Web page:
MSR Contributor Aili Farquhar shares her thoughts on the shoulder season.
Closing-day skiers adorned in neon one-pieces and Mardi Gras beads (most probably under the influence of several blue-ribbon winning adult beverages) fly off jumps and stock makeshift slopeside bars carved in ice with cans from their backpacks. Across the river gravel bike trails and million dollar homes of the valley I fill my living room with well used down gear and the finest rock and ice pro money can buy. Skiers wait at the bus stop down the street as tennis players in shorts dodge lingering snowdrifts in the court across from my house. My small calico cat looks on with nervous attention. She knows the drill. All year she has seen my going and returning. I have left with skis and returned covered in snow. I have left with ice tools strapped to my pack and returned with healing face wounds and ripped pants. Always I came in trailing a plume of cold air and wet gear. Each time I have returned within a day or a week. And now– the duffel bags. Nearing fourteen, she knows duffels mean an extended absence for the human that opens the can.
The morning after I am packed and ready my friends and I crowd into our trucks and take advantage of the fine sunny weather. All day we crawl up the sharp rock of Hoback Shield with legs strong from skiing and upper arms strong from swinging tool into ice and pulling up onto tiny metal picks balanced on rock. Our finger tendons and tender finger pads creak and strain with the novel use of sport climbing. Our arms, uncovered for the first time all winter, soak in the warm rays. We lay horse blankets over the lingering patches of snow and belay on top of them. Our laughter is as copious as the meltwater in the river below as we relearn the dance of the rock and goof off with nobody around to hear our raunchy banter but the ravens and each other. The vast Gros Ventre mountains fold our crag and the road that leads to it into a wilderness stretching from the Red Desert to the Beartooths bordering I-90 a few hundred miles north. Hundreds of tan-butt elk in the midst of their migration to the high mountain slopes feed on the new grass at the road’s edge. Signs flash warnings about their sudden ephemeral presence as we drive home.
It is the transitional season. The road to Hyalite Canyon is closed and the mysterious hidden ice ribbons of Cody are melting. The resort in our small Wyoming town (of Jackson, no need to be vague) has shut down for the season. The tourists and winter warriors are on their exodus back to points unknown – points not here. A peace has come over the valley. I say first our small Wyoming town before I say Jackson because that is what it has become, for one short month. It is a tourist town taking a breath before the next wave of visitors. It is not the Jackson of Teton Gravity Research and Jackson Hole Mountain Resort. This is not the time to huck sick cliffs in-bounds and send hard mixed routes in the ice climbing canyons. Depending on the vagaries of the melt-freeze and spring snow cycles I might yet get something big done in the distant Tetons, but I will have to skin for it. It will be an alpine objective. It will not be crowded, and I will not wait in line, but I will pay with assumed risk and sweat the admission to these ski descents and climbs. It will be quiet. The trees will steam in the hot mid-day sun, then it will cloud up and freeze again. Spring will come and go in an instant. The mountains are still white, but the valley bottoms are bare, brown grass shivering in the passing late season blizzards.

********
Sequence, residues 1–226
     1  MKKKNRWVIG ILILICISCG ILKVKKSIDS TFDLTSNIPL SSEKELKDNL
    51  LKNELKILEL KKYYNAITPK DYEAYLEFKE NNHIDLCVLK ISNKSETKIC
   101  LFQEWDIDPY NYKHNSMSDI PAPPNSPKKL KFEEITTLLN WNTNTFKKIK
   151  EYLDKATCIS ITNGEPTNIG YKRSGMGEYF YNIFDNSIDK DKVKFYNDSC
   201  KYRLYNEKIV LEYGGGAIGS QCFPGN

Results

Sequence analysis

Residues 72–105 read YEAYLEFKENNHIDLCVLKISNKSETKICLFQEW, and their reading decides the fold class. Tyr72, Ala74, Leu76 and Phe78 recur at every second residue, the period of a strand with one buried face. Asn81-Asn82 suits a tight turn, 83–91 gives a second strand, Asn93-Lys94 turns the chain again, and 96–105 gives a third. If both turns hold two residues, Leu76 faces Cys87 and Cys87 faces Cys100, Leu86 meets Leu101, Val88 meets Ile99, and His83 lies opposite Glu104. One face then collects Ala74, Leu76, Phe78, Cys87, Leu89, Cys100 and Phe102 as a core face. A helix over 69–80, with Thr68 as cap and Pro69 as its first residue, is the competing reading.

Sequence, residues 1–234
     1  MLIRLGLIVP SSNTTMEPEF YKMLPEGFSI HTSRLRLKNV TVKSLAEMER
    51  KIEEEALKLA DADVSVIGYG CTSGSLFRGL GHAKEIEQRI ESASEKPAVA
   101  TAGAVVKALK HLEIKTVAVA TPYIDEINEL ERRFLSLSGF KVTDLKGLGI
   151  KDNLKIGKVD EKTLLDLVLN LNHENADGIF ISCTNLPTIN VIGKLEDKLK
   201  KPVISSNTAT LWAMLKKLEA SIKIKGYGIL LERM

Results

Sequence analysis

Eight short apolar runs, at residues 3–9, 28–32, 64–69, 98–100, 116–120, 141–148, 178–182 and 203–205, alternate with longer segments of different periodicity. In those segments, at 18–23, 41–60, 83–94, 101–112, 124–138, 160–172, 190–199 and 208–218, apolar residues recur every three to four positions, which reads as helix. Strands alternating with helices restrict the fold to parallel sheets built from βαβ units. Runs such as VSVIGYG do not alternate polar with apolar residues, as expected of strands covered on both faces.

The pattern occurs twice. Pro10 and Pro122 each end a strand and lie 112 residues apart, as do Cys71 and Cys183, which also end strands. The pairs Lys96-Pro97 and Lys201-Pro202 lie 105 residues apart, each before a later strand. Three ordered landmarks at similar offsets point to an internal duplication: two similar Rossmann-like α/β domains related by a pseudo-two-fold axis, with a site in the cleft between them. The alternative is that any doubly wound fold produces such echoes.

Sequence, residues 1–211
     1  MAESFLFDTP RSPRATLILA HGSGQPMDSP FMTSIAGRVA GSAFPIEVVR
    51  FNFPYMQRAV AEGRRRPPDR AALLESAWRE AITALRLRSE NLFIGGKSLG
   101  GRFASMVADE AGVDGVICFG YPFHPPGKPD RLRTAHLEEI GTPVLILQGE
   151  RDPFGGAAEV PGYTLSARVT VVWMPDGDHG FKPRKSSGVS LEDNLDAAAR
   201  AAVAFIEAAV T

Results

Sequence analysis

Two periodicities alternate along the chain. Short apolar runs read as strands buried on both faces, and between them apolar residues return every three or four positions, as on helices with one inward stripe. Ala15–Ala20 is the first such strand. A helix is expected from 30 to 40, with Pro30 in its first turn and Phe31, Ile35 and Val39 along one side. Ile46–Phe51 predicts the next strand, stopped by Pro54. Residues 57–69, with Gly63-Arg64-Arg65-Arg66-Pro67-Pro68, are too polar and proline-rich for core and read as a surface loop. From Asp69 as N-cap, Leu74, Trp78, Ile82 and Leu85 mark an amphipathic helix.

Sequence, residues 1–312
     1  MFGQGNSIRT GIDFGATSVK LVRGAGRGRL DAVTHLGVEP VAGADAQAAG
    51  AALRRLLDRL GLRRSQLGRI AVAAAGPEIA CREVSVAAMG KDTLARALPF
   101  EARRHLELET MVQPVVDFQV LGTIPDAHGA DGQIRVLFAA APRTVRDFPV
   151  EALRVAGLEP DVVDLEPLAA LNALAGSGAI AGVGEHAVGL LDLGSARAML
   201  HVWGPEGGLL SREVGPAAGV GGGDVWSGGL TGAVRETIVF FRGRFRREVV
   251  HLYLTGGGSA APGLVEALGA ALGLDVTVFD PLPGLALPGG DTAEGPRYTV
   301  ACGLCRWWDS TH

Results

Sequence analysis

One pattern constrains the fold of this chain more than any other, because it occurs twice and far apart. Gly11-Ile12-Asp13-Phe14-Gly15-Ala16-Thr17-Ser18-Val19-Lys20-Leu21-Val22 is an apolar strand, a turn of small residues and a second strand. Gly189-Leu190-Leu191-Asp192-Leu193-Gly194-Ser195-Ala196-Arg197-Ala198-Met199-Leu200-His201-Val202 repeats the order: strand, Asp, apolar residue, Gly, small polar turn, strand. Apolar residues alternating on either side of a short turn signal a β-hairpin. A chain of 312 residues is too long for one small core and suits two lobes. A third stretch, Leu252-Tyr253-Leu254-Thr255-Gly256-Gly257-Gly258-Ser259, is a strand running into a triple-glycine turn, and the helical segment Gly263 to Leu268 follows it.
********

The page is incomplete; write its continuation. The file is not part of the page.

I make calls to climbing and ski partners to get just one more adventure in before the Alaska season and hear voices transported via cell tower from just outside Indian Creek or Anchorage or Valdez. People are leaving. People have left. The ice is falling down. The snow is variable in quality. For those of us still here it is the time of two for one specials at local restaurants and plenty of parking on Teton Pass. I know there is still lots of powder to be had – some of our best Wyoming ski days have been in April – but those duffel bags and that ski bag are sitting in my apartment, attended by one very nervous kitty. Time to go. I, too, am headed for the greater ranges.